Early in the set during Madonna’s nearly two-hour Moda Center show, a man wrapped in Jewish religious gear—a tallit, or prayer shawl, and a yamulkah—danced in a gleaming group to the sounds of Devil Pray.
Well, I thought, I didn’t see that at my Bar Mitzvah. That was after the sexy nuns pole-dancing on crosses but before the Get Into The Groove conga line. It was that kind of show.
No one operates on the level of Madonna, one of the rare American pop acts interested in pushing her arena shows to the level of actual art. Or at least couture. In the last few years, I’ve seen any number of arena superstars: Garth Brooks, Shania Twain, Katy Perry, Drake, Ariana Grande, Justin Timberlake, and the magnificent Cher among them. All had their highs and lows, their own version of a big-tent spectacle. And with Madonna drawing largely on this year’s Rebel Heart album, plenty of her peers have played more hits at the Moda Center.
But she was untouchable on stage creativity. The details of her and her dancers’ costuming, crafted by Gucci, Prada and other top labels, was immaculate whether her imagination steered toward bulls and matadors or provocative Catholicism. The set-ups weren’t one-and-done, or pointless costume changes: in one run, Madonna shifted the Body Shop scene—a Sexy ’50s Auto Shop—toward a diner’s exterior for vintage-style love song True Blue, and then into the restaurant toward the jukebox, an image that played on the video screen behind the stage as Madonna stood on a pile of tires. In other words: transitions and storytelling!
The narrative Madonna was trying to tell across the night—her first in Portland since two nights at the Arlene Schnitzer in 1985—was far from unified, or comprehensible: it started with medieval, cross-bearing warriors and wound up in top-hat-clad Prohibition, with a jumbled message about love and revolution and unexpected Mike Tyson video footage all in there somewhere. But at least it came with top-tier choreography, from the swarm of bodies that came together and fell apart in Living For Love to the stairway ballet that played out between Madonna and a doomed lover in HeartbreakCity: it ended with a gasp, as she pushed him from the second story off into a sudden hole in the stage.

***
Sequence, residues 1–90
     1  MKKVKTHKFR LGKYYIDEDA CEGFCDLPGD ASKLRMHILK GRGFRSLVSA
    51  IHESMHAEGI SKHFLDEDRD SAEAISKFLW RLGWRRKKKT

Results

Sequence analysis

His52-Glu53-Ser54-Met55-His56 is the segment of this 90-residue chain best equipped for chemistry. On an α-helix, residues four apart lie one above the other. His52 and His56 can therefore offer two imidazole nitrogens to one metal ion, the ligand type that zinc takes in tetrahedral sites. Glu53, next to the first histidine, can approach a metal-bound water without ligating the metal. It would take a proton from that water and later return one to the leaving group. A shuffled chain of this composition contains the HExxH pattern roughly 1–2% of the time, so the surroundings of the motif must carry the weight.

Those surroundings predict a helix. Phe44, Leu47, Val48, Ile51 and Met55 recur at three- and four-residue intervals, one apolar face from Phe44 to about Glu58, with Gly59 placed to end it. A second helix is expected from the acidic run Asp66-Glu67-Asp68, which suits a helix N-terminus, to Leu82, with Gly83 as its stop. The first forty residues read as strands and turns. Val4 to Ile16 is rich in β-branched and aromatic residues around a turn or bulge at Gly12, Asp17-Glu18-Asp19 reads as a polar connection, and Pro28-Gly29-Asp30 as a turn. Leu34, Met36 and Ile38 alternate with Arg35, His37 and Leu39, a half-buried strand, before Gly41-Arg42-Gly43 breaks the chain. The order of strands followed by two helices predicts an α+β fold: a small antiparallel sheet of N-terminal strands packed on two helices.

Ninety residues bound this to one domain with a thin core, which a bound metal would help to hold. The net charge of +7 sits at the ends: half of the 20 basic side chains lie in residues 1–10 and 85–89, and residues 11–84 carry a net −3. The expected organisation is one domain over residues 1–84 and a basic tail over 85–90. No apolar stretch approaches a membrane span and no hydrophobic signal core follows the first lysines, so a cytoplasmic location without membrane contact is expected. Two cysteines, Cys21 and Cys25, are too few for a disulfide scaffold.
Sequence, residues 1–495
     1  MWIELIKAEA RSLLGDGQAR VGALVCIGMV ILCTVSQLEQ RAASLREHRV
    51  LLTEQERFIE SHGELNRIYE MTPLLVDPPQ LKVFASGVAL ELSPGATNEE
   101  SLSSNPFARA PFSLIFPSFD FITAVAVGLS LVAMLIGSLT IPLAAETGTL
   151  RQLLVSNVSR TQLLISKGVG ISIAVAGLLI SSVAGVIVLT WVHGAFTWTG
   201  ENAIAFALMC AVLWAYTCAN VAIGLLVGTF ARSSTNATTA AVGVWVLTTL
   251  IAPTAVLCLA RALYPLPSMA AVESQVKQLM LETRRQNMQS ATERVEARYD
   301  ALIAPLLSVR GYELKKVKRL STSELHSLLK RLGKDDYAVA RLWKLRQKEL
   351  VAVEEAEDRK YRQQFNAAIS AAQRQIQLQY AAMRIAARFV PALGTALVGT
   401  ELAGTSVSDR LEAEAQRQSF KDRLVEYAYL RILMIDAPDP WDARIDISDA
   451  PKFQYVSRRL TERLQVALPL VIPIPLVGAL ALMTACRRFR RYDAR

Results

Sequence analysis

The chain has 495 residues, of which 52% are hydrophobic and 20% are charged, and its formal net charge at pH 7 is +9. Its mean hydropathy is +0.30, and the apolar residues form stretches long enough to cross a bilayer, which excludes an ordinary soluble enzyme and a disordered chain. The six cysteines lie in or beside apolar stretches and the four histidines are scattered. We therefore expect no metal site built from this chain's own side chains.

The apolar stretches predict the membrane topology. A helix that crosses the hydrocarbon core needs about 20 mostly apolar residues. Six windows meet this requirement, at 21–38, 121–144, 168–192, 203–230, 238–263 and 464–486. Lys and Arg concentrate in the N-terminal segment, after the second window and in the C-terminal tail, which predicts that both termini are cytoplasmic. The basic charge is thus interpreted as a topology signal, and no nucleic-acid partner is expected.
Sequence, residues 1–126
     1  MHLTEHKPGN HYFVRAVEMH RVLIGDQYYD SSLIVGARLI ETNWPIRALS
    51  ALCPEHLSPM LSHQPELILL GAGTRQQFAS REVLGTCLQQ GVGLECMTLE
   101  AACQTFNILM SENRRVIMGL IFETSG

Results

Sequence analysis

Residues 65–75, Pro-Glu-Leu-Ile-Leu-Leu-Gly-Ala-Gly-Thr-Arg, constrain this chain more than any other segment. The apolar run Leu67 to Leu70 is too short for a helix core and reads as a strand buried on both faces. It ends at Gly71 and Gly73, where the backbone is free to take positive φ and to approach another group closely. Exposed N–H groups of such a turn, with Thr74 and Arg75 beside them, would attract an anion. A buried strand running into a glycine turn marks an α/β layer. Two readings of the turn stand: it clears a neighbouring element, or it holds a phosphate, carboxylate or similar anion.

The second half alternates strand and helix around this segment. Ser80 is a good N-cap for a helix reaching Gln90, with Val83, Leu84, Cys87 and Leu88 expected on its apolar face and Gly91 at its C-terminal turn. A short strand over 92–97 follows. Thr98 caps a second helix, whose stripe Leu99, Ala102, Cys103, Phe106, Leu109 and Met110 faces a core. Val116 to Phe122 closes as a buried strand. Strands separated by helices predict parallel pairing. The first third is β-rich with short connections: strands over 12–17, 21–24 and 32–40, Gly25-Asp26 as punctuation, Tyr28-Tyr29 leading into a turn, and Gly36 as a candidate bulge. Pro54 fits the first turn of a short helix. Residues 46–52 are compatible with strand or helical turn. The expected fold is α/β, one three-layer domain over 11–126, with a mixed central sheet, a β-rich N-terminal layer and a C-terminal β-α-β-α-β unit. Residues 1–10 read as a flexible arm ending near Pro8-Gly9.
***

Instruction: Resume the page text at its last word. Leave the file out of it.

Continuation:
Between songs, she spoke about the need to destroy bigotry. “We have so much more to fight for,” she said, a serious moment amid commentary on the male sex organ—she is, quote, “all about” it—and a profane request for the audience to count in Spanish with her. Like Cher, Madonna pulls on other cultures recklessly for her imagery: a critic who is younger and angrier about this sort of thing should probably take her to task for it, but then they’d be haranguing an incredible conga line.
And the music? It was fine. Rebel Heart is no Madonna classic, but it’s far from dull, and her more intimate showcases, including a ukulele treatment of French standard La Vie En Rose, revealed a vocalist capable of pleasant warmth but not multi-octave heat. Yes, Madonna’s a singer. But she is also so much more, and so much better, no matter how many kids keep coming up behind her.
Source: Oregon Live